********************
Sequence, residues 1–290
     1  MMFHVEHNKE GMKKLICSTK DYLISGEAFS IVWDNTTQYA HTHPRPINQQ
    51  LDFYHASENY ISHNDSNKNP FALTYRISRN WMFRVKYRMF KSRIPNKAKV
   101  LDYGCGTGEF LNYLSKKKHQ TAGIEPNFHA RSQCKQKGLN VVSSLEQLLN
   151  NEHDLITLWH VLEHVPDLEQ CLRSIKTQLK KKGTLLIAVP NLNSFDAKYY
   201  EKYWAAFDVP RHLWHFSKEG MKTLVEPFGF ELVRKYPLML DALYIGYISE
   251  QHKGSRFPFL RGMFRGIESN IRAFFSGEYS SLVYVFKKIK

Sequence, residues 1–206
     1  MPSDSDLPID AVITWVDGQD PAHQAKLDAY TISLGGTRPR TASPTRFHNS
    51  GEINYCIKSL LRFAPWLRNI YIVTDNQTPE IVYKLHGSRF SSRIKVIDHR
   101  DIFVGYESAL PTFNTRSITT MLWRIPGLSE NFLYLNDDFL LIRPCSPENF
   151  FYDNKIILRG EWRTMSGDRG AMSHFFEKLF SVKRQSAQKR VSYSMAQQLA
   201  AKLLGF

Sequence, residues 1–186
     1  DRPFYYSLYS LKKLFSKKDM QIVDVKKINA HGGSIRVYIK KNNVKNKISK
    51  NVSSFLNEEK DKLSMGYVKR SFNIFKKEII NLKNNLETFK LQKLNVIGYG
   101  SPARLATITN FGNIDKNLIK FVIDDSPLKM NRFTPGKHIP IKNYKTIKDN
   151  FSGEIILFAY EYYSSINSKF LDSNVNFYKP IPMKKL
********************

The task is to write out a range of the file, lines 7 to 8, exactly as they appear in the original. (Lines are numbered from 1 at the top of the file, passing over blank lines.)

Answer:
   251  QHKGSRFPFL RGMFRGIESN IRAFFSGEYS SLVYVFKKIK

Sequence, residues 1–206